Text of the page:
The transformation of scrutiny: what was really different about the PAC hearing today

I have received a number of e-mails this evening about the PAC hearing on broadband being unprecedented. They are correct but they miss what was truly innovative. Both questioners and witnesses were using tablets, not only as aides memoires but to receive inputs from outside parliament to help inform questions and answers. And the chairman was allowing this happen.

The implications are truly profound.

The chairman knew exactly what she was doing.

I remember a PITCOM visit to Washington, twenty years ago, when we “bumped into her” in a corridor – she was staying the same hotel. As rapporteur for the visit, I listened to (but did not record) a fascinating discussion involving Michael Marshall (conservative) and John McWilliam (labour) on how and why things were then happening with regard to US communications regulation – including some of the mechanics of the lobbying and scrutiny.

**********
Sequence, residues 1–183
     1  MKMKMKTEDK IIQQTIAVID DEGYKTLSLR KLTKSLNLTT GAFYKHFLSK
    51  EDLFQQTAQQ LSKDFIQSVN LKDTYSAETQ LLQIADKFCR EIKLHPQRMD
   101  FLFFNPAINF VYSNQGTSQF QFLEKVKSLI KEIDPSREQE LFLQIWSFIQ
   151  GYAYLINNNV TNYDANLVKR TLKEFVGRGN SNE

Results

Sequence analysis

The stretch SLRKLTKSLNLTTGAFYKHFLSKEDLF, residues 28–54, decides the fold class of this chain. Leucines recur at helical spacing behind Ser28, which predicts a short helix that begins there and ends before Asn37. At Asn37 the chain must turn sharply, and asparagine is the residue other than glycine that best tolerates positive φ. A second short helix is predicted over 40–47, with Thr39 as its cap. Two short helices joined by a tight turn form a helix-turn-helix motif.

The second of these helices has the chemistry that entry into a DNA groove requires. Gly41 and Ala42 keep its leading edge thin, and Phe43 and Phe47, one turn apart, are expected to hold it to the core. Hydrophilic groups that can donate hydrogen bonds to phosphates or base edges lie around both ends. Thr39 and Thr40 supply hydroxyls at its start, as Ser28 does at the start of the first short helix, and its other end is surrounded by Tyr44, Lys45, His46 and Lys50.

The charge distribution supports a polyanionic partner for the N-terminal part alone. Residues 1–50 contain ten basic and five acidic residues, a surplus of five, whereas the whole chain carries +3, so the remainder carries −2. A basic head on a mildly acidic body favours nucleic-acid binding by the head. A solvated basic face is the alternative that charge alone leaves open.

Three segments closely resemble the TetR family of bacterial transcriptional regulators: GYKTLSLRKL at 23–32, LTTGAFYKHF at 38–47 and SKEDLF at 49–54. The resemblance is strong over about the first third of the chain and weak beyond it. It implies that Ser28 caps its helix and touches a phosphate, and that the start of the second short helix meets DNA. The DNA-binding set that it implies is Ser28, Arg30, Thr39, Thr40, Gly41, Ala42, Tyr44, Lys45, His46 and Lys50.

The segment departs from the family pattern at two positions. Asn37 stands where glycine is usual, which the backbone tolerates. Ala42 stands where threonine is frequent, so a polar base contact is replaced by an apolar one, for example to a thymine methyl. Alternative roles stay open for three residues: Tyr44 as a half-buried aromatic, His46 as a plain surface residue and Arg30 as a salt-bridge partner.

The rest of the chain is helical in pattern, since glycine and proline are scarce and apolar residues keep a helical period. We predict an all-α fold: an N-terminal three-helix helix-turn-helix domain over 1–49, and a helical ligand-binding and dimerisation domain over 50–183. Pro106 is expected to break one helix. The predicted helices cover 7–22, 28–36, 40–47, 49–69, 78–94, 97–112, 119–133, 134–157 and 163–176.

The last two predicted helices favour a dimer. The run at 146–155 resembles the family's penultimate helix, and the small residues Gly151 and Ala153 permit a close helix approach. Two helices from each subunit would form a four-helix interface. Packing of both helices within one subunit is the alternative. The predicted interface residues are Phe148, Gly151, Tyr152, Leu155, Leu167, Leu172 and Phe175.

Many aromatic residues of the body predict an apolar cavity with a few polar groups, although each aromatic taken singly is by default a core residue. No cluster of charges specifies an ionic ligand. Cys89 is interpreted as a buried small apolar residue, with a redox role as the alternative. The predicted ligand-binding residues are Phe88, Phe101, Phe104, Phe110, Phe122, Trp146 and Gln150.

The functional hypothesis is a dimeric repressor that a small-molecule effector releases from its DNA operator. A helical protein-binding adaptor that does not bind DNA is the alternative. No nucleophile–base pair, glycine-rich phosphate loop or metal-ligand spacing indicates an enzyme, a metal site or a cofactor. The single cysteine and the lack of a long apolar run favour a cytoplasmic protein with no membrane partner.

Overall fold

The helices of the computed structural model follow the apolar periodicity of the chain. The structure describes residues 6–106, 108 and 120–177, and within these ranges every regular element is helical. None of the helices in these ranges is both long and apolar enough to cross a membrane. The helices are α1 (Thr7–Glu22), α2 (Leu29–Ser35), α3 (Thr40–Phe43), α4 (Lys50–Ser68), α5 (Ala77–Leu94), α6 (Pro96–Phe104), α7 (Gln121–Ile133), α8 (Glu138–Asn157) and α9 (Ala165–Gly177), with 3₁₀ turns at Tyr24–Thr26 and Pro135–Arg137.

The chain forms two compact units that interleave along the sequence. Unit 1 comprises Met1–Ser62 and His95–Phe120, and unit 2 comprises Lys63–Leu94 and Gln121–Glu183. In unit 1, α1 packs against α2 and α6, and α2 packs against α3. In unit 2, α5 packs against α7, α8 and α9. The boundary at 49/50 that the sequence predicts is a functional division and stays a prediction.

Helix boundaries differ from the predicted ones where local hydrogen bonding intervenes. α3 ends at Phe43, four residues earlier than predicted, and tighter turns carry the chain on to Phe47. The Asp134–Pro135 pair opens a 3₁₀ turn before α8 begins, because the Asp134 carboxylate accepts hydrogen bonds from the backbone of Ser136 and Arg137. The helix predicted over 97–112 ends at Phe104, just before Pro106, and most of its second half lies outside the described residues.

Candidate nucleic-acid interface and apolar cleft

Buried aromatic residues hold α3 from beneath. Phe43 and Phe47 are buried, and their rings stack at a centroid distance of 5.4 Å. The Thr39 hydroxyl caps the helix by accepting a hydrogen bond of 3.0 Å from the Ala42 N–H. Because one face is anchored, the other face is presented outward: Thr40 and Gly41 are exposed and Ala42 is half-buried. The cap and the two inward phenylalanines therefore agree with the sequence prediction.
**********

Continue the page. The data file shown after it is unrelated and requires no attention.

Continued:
A decade later, during a PITCOM visit to California, I reported discussions in Sacramento on the effect IT was having on the way Californian legislation is produced and scrutinised. California is about the size of England (population and geography) and almost as incompetant in its public sector use of IT, except in its legislature.

Watch this space.

IT has indeed met Politics.  Or is it the other way round?

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